Talk about the purpose of learning. A few months back, I had a class discussion with my 1st graders about the kinds of lives they want to live someday. They talked about what would be fun to study in college, what job they might like best, and the kinds of people they want to become. We connected those long-term intentions to decisions they make now, like whether to read at home or pay attention at the rug during a math lesson.

Teach kids to resolve their own conflicts. Most misbehavior in the classroom starts with the inevitable struggles that arise from 25 young human beings sharing a relatively small space for seven hours a day. During the first couple weeks of school, I teach kids how to have a Peace Talk. (I recently wrote a chapter book called Clubhouse Clash with a Peace Talk at the center of the plot, for teachers who’d like to introduce the concept through a read-aloud.) My 1st graders can usually resolve their conflicts on their own now, instead of coming to me to hand down a consequence.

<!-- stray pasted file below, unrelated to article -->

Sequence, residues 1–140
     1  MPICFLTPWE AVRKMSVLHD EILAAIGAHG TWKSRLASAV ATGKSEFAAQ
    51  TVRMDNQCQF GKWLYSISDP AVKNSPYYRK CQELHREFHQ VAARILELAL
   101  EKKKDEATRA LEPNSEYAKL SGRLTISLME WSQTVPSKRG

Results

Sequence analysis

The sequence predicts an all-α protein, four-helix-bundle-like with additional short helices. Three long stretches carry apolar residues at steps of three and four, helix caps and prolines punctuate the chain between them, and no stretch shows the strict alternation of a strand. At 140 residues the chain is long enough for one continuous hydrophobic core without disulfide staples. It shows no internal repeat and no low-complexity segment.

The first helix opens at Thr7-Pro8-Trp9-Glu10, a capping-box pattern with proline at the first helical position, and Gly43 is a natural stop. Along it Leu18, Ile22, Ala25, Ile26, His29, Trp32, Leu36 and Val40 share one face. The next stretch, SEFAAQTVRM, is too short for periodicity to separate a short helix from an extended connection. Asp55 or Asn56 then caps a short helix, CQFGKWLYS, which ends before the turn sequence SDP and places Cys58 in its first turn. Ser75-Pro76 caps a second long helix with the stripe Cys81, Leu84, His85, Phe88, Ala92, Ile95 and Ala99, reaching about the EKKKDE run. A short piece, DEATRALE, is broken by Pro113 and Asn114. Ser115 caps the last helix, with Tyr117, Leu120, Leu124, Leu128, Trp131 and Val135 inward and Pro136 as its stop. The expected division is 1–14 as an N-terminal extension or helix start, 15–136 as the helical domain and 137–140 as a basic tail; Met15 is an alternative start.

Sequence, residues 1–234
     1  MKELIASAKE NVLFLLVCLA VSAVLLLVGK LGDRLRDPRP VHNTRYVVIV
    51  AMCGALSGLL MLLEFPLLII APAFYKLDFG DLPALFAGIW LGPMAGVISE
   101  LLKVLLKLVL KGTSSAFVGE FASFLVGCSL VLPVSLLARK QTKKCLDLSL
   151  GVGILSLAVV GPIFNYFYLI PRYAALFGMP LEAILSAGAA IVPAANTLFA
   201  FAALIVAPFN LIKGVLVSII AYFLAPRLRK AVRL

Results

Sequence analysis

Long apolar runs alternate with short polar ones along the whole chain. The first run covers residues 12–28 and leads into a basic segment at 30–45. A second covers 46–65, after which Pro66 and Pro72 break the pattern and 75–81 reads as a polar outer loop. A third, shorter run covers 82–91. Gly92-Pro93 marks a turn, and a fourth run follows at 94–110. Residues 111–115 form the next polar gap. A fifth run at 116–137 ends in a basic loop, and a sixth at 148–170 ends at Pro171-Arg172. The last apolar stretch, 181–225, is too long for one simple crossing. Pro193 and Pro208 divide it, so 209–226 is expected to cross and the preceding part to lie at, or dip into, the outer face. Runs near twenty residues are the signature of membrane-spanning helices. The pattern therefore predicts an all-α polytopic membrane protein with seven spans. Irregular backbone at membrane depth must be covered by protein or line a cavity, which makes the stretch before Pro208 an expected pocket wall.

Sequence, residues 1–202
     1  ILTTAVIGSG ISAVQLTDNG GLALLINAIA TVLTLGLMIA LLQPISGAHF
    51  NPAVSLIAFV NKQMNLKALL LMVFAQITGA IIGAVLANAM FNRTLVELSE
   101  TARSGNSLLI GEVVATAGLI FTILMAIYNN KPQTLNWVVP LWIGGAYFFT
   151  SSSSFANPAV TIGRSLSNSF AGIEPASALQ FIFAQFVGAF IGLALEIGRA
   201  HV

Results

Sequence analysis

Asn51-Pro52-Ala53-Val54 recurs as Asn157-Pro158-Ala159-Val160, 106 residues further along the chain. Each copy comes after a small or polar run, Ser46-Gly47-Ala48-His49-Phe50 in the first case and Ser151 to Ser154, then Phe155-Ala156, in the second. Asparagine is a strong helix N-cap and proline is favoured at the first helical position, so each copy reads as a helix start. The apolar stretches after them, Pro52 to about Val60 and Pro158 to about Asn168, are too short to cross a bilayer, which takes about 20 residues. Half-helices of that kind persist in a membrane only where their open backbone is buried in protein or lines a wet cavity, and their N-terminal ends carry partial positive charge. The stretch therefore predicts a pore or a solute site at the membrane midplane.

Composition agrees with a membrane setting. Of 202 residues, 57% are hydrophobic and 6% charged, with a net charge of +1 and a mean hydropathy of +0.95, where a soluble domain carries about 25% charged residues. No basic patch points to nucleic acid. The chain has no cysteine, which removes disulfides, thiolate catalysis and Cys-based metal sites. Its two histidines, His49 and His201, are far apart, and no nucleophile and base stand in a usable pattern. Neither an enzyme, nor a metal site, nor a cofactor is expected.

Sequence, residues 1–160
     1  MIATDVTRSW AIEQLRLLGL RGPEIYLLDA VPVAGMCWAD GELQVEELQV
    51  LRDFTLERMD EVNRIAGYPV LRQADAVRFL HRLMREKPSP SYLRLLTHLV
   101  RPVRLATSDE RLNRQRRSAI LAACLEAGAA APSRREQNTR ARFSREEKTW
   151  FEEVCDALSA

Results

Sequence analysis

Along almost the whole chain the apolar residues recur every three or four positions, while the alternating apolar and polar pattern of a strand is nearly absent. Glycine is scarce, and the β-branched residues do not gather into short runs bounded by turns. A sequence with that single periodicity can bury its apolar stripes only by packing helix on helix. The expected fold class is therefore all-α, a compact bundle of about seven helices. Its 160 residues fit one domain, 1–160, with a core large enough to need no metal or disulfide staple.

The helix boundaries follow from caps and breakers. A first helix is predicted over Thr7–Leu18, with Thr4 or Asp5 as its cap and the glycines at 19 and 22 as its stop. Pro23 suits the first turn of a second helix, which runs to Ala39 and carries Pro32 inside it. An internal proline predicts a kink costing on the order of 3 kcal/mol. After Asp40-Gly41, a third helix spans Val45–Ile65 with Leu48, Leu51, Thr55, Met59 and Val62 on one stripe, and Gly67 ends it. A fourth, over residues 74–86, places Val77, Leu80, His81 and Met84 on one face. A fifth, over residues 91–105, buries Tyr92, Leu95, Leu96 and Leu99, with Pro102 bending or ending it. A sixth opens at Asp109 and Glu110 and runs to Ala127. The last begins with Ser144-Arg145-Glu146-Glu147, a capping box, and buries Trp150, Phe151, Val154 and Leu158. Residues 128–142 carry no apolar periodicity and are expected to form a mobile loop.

Give students plenty of choices, time to collaborate, and meaningful work. Daniel Pink wrote in Drive that human beings are deeply motivated by autonomy, collaboration with like-minded colleagues, and work that matters to them. Policies that govern school and the workplace tend to rely almost exclusively on punishments and rewards, but that focus has more to do with habit and convenience than proven effectiveness. Behavioral research shows that for most children and adults, intrinsic motivation is a more powerful sustaining force than sticks and carrots.

At a classroom level, this means giving students choices: on what book to read, what topic to research, or what to write about during writer’s workshop. It means talking less, so the kids can talk more. And it means handing out fewer worksheets (which most teachers furtively toss in the recycling bin at the end of the day), in favor of more meaningful projects.

As we get to know our students, we can find out what each child is most excited about—whether it’s kittens, monster trucks, or superheroes—and find ways to connect the curriculum to that topic. We can help students set their own goals and tie those goals into the dream each child has for her or his life.